On Friday, I wore a dress and told one of my coworkers that I was thinking about doing it “all the time.”
But I wore a skirt to Mass. If that counts.
I decided Sunday night that I was going to do a “test week” of wearing a skirt all week. I checked the weather. 23 degrees on Wednesday, supposedly.
OK. I have some fleece-lined tights. I can do this. The rest of the week is supposed to be really nice.
Well, it’s half way through Monday, and I love wearing a skirt! I feel like a girl!
This is probably not startling and amazing for some of you. Well, it is for me.
I went to Mass yesterday morning (Wednesday) and here are a few of the million things that passed through my head:
- I wonder where that guy I saw yesterday is sitting. (Shift body angle to look around)
- Who is sitting behind me? He was an accent or something going on.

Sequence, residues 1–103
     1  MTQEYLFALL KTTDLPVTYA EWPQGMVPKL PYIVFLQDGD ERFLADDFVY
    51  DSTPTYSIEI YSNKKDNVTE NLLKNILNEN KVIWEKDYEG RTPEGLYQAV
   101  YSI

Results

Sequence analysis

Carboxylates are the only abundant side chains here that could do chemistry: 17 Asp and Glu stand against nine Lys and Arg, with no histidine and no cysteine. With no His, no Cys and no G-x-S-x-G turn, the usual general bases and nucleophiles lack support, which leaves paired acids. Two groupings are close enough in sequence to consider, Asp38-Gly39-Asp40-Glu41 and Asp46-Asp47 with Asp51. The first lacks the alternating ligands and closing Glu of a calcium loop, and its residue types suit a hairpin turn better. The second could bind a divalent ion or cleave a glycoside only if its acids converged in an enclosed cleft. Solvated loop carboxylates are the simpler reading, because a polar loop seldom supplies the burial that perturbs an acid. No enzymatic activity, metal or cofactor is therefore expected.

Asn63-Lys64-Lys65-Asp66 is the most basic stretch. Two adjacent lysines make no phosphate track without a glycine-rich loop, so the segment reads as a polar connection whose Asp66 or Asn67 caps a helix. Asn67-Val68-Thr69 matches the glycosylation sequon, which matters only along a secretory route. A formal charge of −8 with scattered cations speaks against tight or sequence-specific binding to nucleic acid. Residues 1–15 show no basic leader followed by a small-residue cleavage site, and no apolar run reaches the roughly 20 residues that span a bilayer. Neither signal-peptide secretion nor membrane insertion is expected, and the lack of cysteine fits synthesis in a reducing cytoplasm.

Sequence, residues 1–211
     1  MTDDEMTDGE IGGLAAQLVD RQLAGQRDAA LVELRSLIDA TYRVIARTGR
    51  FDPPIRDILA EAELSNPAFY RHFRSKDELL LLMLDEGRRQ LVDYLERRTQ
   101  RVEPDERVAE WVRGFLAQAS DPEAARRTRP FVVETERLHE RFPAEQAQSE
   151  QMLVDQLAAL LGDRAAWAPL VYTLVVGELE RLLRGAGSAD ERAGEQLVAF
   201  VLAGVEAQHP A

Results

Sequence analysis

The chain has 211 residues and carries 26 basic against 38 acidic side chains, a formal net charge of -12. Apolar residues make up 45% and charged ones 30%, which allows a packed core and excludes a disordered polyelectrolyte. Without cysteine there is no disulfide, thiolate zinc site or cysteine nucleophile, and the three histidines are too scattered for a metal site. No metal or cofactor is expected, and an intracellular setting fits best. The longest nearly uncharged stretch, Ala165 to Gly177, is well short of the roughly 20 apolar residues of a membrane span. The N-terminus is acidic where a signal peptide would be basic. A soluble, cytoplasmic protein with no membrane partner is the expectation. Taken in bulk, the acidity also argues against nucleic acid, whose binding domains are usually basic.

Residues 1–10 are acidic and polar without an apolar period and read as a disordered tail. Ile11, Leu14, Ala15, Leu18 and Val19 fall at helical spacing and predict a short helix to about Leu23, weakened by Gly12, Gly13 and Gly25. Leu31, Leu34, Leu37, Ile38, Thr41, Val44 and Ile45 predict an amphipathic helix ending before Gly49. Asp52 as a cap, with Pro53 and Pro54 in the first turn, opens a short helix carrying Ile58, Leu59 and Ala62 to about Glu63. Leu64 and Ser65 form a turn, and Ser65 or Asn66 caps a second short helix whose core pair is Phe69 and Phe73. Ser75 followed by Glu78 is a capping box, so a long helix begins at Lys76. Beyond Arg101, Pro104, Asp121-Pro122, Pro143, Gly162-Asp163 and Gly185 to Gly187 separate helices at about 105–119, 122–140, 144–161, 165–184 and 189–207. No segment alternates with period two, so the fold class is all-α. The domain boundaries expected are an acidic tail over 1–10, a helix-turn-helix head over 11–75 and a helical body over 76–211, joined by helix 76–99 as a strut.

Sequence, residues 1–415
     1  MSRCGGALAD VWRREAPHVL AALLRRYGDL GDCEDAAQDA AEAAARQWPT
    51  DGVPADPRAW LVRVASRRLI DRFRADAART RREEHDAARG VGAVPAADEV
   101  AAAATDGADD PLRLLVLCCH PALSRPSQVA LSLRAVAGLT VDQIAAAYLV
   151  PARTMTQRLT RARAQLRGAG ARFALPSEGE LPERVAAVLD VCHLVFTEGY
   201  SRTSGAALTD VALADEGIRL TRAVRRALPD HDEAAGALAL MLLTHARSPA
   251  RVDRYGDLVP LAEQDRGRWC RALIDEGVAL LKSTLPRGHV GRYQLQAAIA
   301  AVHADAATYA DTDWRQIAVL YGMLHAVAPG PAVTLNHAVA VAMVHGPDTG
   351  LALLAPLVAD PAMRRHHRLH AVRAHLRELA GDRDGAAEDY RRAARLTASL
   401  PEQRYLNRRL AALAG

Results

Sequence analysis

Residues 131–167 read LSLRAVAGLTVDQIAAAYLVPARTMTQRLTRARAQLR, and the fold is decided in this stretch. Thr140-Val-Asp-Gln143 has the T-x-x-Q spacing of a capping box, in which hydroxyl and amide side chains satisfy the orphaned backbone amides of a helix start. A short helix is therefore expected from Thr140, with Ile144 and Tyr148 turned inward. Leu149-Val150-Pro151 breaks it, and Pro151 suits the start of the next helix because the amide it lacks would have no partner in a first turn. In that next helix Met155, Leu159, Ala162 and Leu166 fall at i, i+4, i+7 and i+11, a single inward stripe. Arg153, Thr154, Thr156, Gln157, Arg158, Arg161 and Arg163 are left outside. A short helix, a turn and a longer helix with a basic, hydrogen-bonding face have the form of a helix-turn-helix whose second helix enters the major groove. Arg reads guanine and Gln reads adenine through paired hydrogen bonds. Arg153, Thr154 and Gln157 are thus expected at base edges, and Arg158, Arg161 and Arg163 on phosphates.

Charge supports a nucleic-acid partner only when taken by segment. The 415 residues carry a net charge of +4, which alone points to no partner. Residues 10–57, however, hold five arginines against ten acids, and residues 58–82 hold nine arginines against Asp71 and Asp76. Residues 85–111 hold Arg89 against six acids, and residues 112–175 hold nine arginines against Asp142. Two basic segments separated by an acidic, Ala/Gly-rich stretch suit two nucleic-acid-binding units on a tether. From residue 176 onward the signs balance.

- I hope the priest kneels when he gets the already consecrated Body of Christ… oh good. he did. I hate when they don’t do that.
- Where do all these old women buy their coats?
- I should have brought my Rosary.
- Yes, I’m definitely going grocery shopping this afternoon. And I need a new can opener.
- And lighters. And some candles. I love candles.
- Did I turn the heat down before I left my apartment?
- I wonder how long my cat is going to be clingy at the new place.
- Don’t think about him (as I think about my ex-boyfriend).
- It’s like I want to date an old man or something (because I want someone who is financially responsible and courteous).
- My grandpa is a great man.
- I forgot to send my grandma a birthday card! Yikes! Today is her birthday!